Forbes’ poetry is “simplicity shacked up with complexity,” according to publicity materials on the LSU Press Web site. His new poems had the same kinds of dense structures that he had long cultivated, and, perhaps influenced by jazz music, he reveled in the chance to make language and ideas take unexpected 90-degree turns. Yet a basic human emotion lay at the root of many of his poems “Picture of a Man,” from The Shine Poems, depicted fatherhood in direct terms: “And I know then what another man // meant when he said // maybe I could have loved // better // but I couldn’t have loved more. // I thought of a woman/like that once. // This child is all I have left.”
Shine, as recreated by Forbes, was not the boasting, superhuman figure of legend but a modern African American. He has a girlfriend, Glow, and a child, Shade, and he, like his creator perhaps, is uncertain of his place in the world: “For he’s the witness // To the confusion and perceives evil, anger // As folly: // His fate’s a nuisance. // He goes home gloomy, moaning // About moonlit rain // Falling // Falling—// How he could be alive // and nobody know it.” In the words of Washington Post reviewer Lorenzo Wellington, “Forbes’s crestfallen Shine is nobody’s hero, everybody’s fool and a rather depressed dude. He spends most of his time longing for visions of Eden, and barely scraping by.”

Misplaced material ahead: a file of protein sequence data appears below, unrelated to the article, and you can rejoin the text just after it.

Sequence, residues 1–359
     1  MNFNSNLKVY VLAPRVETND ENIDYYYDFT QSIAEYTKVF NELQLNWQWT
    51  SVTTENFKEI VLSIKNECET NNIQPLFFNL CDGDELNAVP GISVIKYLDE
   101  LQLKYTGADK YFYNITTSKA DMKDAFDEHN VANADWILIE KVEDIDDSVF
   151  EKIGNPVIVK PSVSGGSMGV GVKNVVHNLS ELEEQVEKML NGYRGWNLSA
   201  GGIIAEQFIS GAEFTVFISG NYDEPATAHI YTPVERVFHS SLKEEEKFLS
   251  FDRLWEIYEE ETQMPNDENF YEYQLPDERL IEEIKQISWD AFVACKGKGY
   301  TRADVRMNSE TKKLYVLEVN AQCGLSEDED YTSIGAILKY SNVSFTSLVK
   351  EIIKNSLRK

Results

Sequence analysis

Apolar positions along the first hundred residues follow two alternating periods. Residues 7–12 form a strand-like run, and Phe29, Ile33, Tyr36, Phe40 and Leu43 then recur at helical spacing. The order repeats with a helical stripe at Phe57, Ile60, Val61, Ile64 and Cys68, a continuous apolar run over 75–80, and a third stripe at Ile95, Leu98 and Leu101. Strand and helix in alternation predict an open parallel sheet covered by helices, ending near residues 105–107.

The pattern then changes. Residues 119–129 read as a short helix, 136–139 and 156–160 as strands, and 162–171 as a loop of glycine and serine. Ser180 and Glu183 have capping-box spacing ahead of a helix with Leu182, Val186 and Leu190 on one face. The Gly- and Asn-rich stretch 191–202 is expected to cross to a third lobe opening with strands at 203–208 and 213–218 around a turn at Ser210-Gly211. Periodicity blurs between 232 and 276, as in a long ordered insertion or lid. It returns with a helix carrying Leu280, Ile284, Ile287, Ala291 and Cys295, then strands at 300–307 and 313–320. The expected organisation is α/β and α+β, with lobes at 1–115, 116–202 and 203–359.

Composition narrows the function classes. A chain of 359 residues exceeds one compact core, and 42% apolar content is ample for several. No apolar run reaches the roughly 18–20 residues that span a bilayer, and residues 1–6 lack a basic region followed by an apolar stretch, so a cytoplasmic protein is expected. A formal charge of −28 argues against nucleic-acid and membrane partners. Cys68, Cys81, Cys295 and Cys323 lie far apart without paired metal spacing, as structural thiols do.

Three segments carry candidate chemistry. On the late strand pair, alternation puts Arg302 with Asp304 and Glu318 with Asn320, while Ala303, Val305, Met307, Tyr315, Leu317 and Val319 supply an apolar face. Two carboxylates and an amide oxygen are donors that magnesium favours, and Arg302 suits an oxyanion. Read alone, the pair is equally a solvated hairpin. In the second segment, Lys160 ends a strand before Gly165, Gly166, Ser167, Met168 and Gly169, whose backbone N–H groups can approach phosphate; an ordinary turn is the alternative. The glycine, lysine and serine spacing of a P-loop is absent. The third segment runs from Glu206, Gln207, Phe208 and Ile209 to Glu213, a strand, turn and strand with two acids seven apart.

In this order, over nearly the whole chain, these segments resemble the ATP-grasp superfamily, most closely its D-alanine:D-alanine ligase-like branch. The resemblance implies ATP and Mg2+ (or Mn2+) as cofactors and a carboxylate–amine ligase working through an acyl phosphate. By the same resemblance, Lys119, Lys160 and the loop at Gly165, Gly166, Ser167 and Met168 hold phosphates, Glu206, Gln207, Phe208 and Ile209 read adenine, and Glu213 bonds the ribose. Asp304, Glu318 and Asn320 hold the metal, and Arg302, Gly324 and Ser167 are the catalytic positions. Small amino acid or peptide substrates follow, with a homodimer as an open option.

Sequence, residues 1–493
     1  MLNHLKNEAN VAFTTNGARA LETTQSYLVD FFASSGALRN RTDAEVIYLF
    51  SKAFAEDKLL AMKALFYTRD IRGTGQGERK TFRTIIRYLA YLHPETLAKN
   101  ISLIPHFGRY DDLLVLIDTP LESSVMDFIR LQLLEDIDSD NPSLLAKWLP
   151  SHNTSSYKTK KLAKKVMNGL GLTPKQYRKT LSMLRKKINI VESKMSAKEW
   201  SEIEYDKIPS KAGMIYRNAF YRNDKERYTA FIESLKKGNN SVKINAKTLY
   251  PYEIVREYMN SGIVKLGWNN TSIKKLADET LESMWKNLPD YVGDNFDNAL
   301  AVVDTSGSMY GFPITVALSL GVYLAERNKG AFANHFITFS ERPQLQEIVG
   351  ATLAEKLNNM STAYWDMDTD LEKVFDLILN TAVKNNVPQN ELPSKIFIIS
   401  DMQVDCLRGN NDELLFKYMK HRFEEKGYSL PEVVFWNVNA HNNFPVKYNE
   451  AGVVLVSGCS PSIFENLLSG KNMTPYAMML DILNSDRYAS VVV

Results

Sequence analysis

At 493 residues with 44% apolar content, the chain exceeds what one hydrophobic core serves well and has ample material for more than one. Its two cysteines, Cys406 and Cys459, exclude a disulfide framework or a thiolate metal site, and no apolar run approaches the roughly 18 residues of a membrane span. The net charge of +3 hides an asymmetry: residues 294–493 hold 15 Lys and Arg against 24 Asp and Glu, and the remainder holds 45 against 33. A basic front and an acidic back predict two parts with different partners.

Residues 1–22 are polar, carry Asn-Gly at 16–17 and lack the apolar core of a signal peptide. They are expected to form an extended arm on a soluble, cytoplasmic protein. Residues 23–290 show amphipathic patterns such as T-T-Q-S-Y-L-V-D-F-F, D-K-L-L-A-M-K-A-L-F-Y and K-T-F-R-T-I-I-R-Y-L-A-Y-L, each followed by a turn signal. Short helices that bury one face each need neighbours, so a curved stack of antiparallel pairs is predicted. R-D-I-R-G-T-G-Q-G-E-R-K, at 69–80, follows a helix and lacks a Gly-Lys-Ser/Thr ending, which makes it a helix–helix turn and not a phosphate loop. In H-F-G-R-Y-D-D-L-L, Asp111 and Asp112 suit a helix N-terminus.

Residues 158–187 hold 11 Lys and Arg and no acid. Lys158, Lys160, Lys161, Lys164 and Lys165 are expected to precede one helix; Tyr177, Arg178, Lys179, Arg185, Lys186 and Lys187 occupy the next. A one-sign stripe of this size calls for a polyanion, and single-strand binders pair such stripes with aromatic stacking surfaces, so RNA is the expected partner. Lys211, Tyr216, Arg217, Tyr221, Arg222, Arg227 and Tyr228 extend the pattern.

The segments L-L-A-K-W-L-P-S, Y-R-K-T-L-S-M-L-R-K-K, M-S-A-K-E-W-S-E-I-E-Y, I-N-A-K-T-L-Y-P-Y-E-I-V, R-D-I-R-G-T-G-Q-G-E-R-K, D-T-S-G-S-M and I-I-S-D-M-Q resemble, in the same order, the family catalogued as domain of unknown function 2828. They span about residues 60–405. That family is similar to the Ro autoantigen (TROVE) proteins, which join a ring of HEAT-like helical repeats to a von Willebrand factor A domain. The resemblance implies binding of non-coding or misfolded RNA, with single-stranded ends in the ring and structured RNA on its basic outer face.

Wellington’s review of The Shine Poems was mixed, contending that in the book’s opening sections “the author skips around too much to satisfy the rhythmic and imagistic possibilities he slyly initiates.” Elsewhere, however, the book received some strongly positive reviews. Commenting that Forbes’s poems “possess a strong sense of voice, cultural presence, and necessity,” William Doreski observed in the African American Review that in Forbes’s work “blues rhythm isn’t just a question of beat: It requires syntax that is compressed and truncated to raise the emotional level of the lyric and underscore the emotional as well as the physical rhythm of both words and music.” In the slight output and spare works of Calvin Forbes, the African-American tradition found a mode of expression that encompassed both grassroots black culture and the complex art of poetry.
Blue Monday, Wesleyan University Press, 1974.
From the Book of Shine, Burning Deck Press, 1979.
The Shine Poems, Louisiana State University Press, 2001.
Harris, Trudier, and Thadious M. Davis, eds., Dictionary of Literary Biography, Volume 41: Afro-American Poets Since 1955, Gale Group, 1985.
African American Review, Summer 2002, p. 349.
Chicago Review, Fall 2001, p. 151.
Library Journal, November 1, 2000, p. 103.
Washington Post, April 8, 2001, p. T10; June 17, 2001, p. T12.
“Calvin Forbes,” Academy of American Poets, www.poets.org/poets/poets.cfm?prmID=467 (June 10, 2004).
“Calvin Forbes,” Biography Resource Center, www.galenet.com/servlet/BioRC (June 10, 2004).
“The Shine Poems,” Louisiana State University Press, www.lsu.edu/lsupress/catalog/spring2001_books/spring2001/forbes.html (June 10, 2004).
—James M. Manheim